The Milky Way is chock full of star clusters. Some contain just a few tens-to-hundreds of young stars. Others, known as globular clusters, are among the oldest objects in the Universe and contain up to a million ancient stars. Some of these globular clusters are thought to be fragments of our galaxy, chiseled off when the Milky Way was in its infancy. Others may have started life as standalone dwarf galaxies before being captured by the Milky Way during its formative years.
Regardless of their origins, many globular clusters reside either in or behind the dusty regions of our galaxy. For ground- and space-based optical telescopes, however, this poses a challenge. Though it is possible to observe the cluster as a whole, the dust hinders astronomers' efforts to study the motions of individual stars.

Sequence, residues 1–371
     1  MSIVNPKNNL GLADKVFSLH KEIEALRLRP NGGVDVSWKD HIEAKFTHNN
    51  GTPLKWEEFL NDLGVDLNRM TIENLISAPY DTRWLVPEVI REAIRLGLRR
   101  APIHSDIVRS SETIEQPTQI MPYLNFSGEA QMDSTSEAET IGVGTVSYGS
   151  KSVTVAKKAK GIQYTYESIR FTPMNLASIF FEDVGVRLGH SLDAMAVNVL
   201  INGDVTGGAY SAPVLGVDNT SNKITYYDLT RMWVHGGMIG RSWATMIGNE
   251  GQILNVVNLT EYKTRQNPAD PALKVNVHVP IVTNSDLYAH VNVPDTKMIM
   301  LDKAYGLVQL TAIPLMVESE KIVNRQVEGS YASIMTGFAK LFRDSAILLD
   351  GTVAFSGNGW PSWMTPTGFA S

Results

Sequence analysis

If astronomers could track the motions of individual stars, they could see how "lumpy" the globular cluster is or if it contains something really dense, like a giant black hole at its center.
Graphic showing locations of millisecond pulsars inside the globular cluster Terzan 5 in an optical image taken by the Hubble space telescope. Pulsars represented in blue are accelerating toward observers on ...